Errors in medication histories inadvertently put into electronic health records can have potentially disasterous consequences for patients admitted to the hospital. However, Cedars-Sinai Medical Center in Los Angeles is turning to pharmacists and pharmacy technicians—instead of clinicians—to accurately capture the information.

“There’s information already in the electronic health record for a lot of patients when they come into the hospital, but you don’t know how accurate that information is,” says Joshua Pevnick, MD, associate director of the Division of Informatics at Cedars-Sinai and an assistant professor of medicine.

Also See: Cedars-Sinai reduces unnecessary care using EHR alerts

Medication reconciliation, the process of identifying the most accurate list of all drugs a patient is taking, is critical during hospital admissions. Taking the medication histories of patients in emergency departments typically falls to physicians and nurses.

Yet, Cedars-Sinai found in a randomized controlled trial that when pharmacy professionals were assigned the task, errors in both medication histories and orders were reduced by more than 80 percent.

The study, published in the journal BMJ Quality & Safety, included 306 high-risk patients at Cedars-Sinai who were taking 10 or more prescription medications and had chronic conditions.

“Even before this trial, we were using this intervention—some patients were getting seen by pharmacy technicians and some by pharmacists,” notes Pevnick, who is the study’s first author. “Part of the reason for the trial was to study it, prove the benefit, and now the goal at Cedars-Sinai is to try to have as many patients as possible who are admitted to be seen in the emergency department by a pharmacy professional.”

Thanks to the results of the trial, it’s now standard practice for Cedars-Sinai to assign pharmacy staff to take medication histories for high-risk patients in the ED who are being admitted to the hospital. According to Cedars-Sinai pharmacist Jesse Wisniewski, taking a medication history for a complex ED patient can require 40 minutes or more to complete. “There can be a lot of CSI-type investigation,” said Wisniewski, referring to the TV series featuring crime-scene investigations.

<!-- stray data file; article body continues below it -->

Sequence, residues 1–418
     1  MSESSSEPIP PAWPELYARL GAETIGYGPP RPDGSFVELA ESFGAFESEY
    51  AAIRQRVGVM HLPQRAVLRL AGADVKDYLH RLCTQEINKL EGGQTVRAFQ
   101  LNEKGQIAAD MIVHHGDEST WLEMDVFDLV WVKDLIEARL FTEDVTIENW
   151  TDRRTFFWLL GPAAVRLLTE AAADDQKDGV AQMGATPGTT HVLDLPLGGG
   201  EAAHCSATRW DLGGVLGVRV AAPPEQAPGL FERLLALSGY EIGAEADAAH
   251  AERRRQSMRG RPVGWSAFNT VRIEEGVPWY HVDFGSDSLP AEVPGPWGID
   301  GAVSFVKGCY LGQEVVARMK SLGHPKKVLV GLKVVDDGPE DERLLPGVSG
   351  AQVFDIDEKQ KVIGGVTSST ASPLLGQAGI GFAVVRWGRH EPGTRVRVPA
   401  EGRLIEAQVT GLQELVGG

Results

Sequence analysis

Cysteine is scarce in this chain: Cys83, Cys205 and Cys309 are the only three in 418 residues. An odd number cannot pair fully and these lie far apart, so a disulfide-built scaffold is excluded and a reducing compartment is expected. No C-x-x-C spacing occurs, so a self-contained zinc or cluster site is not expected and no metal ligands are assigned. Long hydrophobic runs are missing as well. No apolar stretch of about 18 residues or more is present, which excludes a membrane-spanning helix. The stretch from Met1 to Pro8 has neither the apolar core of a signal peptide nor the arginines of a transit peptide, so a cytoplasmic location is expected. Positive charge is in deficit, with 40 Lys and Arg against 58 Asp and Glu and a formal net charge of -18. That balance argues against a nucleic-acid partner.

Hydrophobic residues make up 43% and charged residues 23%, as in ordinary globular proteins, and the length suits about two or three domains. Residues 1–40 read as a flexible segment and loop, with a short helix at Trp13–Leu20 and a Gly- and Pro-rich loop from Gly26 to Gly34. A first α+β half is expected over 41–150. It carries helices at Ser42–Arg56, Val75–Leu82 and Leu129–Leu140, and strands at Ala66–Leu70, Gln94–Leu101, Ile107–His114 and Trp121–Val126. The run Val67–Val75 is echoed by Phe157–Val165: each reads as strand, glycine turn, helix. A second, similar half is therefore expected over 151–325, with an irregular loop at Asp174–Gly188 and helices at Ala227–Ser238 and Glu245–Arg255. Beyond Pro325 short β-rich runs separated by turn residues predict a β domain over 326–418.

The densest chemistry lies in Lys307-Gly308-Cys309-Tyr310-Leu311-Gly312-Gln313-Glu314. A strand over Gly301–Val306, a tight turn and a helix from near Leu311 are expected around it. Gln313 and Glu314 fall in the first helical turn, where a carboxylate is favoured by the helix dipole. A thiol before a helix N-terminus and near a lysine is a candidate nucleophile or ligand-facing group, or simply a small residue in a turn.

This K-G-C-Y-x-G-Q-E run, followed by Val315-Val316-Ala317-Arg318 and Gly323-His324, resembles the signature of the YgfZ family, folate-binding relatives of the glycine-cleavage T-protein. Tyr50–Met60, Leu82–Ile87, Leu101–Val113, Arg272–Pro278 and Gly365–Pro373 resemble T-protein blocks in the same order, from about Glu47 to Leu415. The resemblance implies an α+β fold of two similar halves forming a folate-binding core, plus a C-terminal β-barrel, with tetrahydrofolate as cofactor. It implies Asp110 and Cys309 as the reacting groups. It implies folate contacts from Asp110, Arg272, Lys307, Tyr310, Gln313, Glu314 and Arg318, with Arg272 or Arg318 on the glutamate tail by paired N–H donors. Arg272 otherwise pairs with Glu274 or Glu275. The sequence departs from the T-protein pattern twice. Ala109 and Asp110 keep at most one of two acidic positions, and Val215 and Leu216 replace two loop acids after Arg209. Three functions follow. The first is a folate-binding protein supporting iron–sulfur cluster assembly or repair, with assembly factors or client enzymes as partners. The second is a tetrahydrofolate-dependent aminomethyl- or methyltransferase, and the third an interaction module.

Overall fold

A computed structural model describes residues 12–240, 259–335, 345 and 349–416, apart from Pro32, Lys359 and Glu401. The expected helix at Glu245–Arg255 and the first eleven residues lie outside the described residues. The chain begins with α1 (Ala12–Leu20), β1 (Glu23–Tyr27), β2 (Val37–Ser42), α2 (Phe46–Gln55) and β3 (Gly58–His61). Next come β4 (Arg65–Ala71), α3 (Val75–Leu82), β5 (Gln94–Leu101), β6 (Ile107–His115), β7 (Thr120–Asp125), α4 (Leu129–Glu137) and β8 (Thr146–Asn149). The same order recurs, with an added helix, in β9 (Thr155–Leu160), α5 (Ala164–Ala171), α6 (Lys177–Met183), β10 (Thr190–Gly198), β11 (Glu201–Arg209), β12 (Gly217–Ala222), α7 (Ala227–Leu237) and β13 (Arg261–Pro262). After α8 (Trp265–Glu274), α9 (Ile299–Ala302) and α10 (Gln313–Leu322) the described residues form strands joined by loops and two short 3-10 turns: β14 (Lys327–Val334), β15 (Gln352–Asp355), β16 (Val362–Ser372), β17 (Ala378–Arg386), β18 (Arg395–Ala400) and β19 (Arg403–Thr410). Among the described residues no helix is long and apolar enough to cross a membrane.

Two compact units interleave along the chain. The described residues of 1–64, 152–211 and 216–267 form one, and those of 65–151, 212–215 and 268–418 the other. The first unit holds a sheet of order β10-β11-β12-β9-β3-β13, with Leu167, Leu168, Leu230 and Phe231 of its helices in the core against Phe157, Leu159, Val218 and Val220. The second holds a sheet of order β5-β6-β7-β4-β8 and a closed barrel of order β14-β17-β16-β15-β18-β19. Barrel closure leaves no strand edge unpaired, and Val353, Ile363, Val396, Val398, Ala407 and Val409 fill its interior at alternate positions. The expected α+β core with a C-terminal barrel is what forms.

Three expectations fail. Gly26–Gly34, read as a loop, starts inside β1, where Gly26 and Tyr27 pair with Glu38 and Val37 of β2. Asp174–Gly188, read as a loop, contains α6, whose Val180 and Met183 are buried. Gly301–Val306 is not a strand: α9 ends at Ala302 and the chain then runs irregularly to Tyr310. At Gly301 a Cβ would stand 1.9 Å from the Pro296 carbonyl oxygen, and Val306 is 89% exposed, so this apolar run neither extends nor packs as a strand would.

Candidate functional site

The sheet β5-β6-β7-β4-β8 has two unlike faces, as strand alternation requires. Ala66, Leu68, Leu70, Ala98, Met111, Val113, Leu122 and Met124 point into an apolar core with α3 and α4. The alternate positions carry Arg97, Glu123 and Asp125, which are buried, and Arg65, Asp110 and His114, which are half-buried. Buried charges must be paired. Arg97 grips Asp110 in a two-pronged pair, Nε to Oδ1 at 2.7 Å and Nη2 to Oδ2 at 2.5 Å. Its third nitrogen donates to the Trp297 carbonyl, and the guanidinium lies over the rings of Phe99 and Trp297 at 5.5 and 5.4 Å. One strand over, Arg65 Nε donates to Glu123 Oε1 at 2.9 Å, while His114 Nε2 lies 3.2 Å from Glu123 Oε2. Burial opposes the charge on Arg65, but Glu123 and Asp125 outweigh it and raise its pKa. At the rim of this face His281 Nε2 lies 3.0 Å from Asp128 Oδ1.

“There are all kinds of different sources of information (for medication histories), and that’s part of the reason—especially when patients are taking a lot of medications—that it takes so long to do a good job,” adds Pevnick.

When taking patient medication histories in the ED, Pevnick observes that pharmacy members often have to reconcile EHRs with prescription databases and written lists from the patient, the patient’s pharmacy and the primary care physician, as well as information provided verbally by the patient or the patient’s family or caregiver.

“The EHR is the easiest and, in most cases, the best place to start,” he adds. “We sometimes talk about a ‘chart biopsy’ as the starting point.”

Pevnick also points out that in the study Cedars-Sinai staff did not have the ability to access Surescripts electronic pharmacy claims (SEPCD) data. However, he says that data is now available to the hospital’s pharmacists.

In a study published last year in the Journal of the American Medical Informatics Association, Pevnick and his colleagues determined that the SEPCD data probably would have prevented 35 percent of admission medication history (AMH) errors and 31 percent of resultant inpatient order errors. And, when they excluded the least severe medication errors, they concluded that the claims data probably would have prevented 47 percent of AMH errors and 61 percent of resultant inpatient order errors.

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